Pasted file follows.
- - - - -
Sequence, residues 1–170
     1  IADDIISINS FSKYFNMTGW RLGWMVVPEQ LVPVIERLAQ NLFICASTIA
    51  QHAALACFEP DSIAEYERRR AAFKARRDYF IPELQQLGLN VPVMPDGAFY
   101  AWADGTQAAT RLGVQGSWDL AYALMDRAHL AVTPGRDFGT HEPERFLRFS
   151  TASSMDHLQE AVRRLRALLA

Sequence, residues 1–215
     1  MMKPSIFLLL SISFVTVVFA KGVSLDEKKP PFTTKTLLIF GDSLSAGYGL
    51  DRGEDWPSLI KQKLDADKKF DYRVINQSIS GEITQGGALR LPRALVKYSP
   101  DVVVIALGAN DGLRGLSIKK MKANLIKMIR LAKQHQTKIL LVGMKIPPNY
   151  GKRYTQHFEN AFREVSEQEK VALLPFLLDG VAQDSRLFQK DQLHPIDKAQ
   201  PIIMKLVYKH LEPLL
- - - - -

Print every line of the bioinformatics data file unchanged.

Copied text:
Sequence, residues 1–170
     1  IADDIISINS FSKYFNMTGW RLGWMVVPEQ LVPVIERLAQ NLFICASTIA
    51  QHAALACFEP DSIAEYERRR AAFKARRDYF IPELQQLGLN VPVMPDGAFY
   101  AWADGTQAAT RLGVQGSWDL AYALMDRAHL AVTPGRDFGT HEPERFLRFS
   151  TASSMDHLQE AVRRLRALLA

Sequence, residues 1–215
     1  MMKPSIFLLL SISFVTVVFA KGVSLDEKKP PFTTKTLLIF GDSLSAGYGL
    51  DRGEDWPSLI KQKLDADKKF DYRVINQSIS GEITQGGALR LPRALVKYSP
   101  DVVVIALGAN DGLRGLSIKK MKANLIKMIR LAKQHQTKIL LVGMKIPPNY
   151  GKRYTQHFEN AFREVSEQEK VALLPFLLDG VAQDSRLFQK DQLHPIDKAQ
   201  PIIMKLVYKH LEPLL